Copy the value from RCX (000002015C922F40) into Debugging > Window > Memory:

The first marked area is the pointer to the Method Table. The next 8 bytes represent the length of the array and after that you see the array elements with 4 bytes in size each.

Examples

Now I show you some examples. In every example I am using this code in EnterCpp:

extern "C" void _stdcall EnterCpp(
  FunctionID funcId,
  COR_PRF_FUNCTION_ARGUMENT_INFO * argumentInfo) {

  char* fnName = new char[100];
  utils->GetFunctionNameById(funcId, fnName, 100);

And this C# code in the test application:

using System;

namespace TestApp
{
  class Program
  {
    static void Main(string[] args)
    {
      Console.ReadLine();

      StructFn(new TestStruct { Int1 = 101, Int2 = 102, Int3 = 103 });
      IntArrayFn(new[] { 1, 2, 3, 4, 5, 6, 7, 8, 9, 10 });
      StringFn("Hello from C#");
      IntFn(1234);

      Console.ReadLine();
    }

    static void IntArrayFn(int[] intArray)
    {
    }
    static void StringFn(string str)
    {
    }

    static void IntFn(int i1)
    {
    }

    static void StructFn(TestStruct t)
    {
    }
  }

  struct TestStruct
  {
    public int Int1;
    public int Int2;
    public int Int3;
  }
}

IntFn

This is very easy. An integer is a value type and as such I can access it directly:

if (strcmp(fnName, "IntFn") == 0) {
    COR_PRF_FUNCTION_ARGUMENT_RANGE range = argumentInfo->ranges[0];
    UINT_PTR valuePtr = range.startAddress;
    int* ptr = (int*)valuePtr;

    std::cout << "\r\n\r\n## Entered IntFn ##\r\n";
    std::cout << "argument: " << *ptr << "\r\n";
    std::cout << "## IntFn ends ##";
}

StructFn

A struct also is a value type and thus can be handled like an integer. All fields of the struct are in memory one after the other:

if (strcmp(fnName, "StructFn") == 0) {
    COR_PRF_FUNCTION_ARGUMENT_RANGE range = argumentInfo->ranges[0];
    UINT_PTR valuePtr = range.startAddress;
    int* ptr = (int*)valuePtr;
    std::cout << "\r\n\r\n## Entered StructFn() ##\r\n";
    std::cout << "size of range: " << range.length << "\r\n";
    std::cout << "arguments: Int1 = " << *ptr << ", Int2 = " << *(ptr + 1) << ", Int3 = " << *(ptr + 2) << "\r\n";
    std::cout << "## StructFn() ends ##";
}

range.length is 12, because the struct consists of three fields where evry field needs four bytes.

IntArrayFn

Now we see the handling of the object header.

if (strcmp(fnName, "IntArrayFn") == 0) {
    COR_PRF_FUNCTION_ARGUMENT_RANGE range = argumentInfo->ranges[0];
    UINT_PTR valuePtr = range.startAddress;

    int** ptr = (int**)valuePtr;
    int* intArray = *ptr;

    std::cout << "\r\n\r\n## Enter IntArrayFn ##\r\n";
    intArray = intArray + sizeof(int*)/sizeof(int); //skip object header of array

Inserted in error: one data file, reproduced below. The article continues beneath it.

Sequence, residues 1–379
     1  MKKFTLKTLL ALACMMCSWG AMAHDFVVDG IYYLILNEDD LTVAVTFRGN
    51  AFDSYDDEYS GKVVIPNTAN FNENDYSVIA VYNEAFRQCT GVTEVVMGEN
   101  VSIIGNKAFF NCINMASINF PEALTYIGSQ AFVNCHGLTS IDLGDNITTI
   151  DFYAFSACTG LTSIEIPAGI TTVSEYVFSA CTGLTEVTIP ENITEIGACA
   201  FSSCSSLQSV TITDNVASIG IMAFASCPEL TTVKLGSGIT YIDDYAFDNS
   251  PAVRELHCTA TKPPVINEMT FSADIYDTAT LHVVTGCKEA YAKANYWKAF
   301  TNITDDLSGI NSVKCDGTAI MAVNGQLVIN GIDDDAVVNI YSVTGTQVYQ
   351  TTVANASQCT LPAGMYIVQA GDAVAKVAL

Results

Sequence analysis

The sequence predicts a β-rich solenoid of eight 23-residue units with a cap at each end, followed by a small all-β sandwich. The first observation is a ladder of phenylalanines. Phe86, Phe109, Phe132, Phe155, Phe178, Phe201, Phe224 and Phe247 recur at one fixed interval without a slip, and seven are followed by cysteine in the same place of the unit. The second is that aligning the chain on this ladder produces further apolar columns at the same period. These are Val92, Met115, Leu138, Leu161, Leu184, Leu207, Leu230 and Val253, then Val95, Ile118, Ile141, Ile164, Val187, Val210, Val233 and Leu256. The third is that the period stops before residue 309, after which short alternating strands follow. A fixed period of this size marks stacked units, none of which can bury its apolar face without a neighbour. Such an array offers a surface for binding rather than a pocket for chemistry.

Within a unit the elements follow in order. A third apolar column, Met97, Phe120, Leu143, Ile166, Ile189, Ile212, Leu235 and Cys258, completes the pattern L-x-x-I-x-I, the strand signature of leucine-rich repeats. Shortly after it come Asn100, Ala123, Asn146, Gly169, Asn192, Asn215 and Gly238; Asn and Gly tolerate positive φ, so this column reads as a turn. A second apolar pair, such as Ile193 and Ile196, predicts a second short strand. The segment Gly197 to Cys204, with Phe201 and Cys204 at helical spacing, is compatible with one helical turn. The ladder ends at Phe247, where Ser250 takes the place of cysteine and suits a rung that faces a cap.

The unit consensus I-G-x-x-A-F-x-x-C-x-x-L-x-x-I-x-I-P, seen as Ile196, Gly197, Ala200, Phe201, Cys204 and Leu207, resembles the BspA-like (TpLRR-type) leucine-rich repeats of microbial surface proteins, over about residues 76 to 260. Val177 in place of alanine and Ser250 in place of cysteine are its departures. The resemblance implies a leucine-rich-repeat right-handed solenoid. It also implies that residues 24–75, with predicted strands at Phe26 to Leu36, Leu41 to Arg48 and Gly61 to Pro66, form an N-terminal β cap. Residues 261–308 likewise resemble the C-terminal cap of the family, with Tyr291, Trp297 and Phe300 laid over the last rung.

long arrayLength = *(long*)intArray;
    std::cout << "Length: " << arrayLength << "\r\n";
    intArray += sizeof(int*) / sizeof(int);
    std::cout << "Arguments: ";

    for (int i = 0; i < arrayLength; i++)
    {
      std:cout << "," << *intArray;
      intArray += 1;
    }

    std::cout << "\r\n## IntArrayFn ends ##";
}

sizeof(int*)/sizeof(int) is 2 in case of a 64 bit application and 1 for 32 bit applications.

Remember, raising a int* by one means to skip four bytes.

After skipping the header and reading the size, we have access to all array elements.

StringFn

A string is a little bit special because we have to convert it to print it to the console. I have copied a few lines of code for that task from a Stackoverflow article. Apart from this it is the same like in the integer array above:

if (strcmp(fnName, "StringFn") == 0) {
    COR_PRF_FUNCTION_ARGUMENT_RANGE range = argumentInfo->ranges[0];
    UINT_PTR valuePtr = range.startAddress;

    byte** ptr = (byte**)valuePtr;
    byte* strPtr = *ptr;
    strPtr = strPtr + sizeof(int*);
    long stringLength = *(long*)strPtr;
    strPtr += 4;
    char* dest = new char[100];

    std::wstring_convert<std::codecvt_utf8_utf16<char16_t>, char16_t> codecvt;
    std::string u8str = codecvt.to_bytes((char16_t*)strPtr);

    std::cout << "\r\n\r\n## Entered StringFn ##\r\n";
    std::cout << "Length: " << stringLength << "\r\n";
    std::cout << "\r\argument: " << u8str;
    std::cout << "\r\n## StringFn ends ##";

    delete[] dest;
}

Conclusion

As you can see, it is no big deal at all. I think I will try to get the values of unknown functions, too. This will be helpful in some debugging scenarios I think.

Additional Links

COR_PRF_FUNCTION_ARGUMENT_RANGE
Theoretical usage of COR_PRF_FUNCTION_ARGUMENT_RANGE
Memory Layout
Layout of managed Arrays


Found a typo?

As I am not a native English speaker, it is very likely that you will find an error. In this case, feel free to create a pull request here: https://github.com/gabbersepp/dev.to-posts . Also please open a PR for all other kind of errors.

Do not worry about merge conflicts. I will resolve them on my own.

Posted on by:

gabbersepp profile

Josef Biehler

@gabbersepp

I am a tall (1,95m) coding & drawing enthusiast that likes all type of coding and drawing cartoons. I like to work (coding & drawing) on the go with my surface #cypress #js #csharp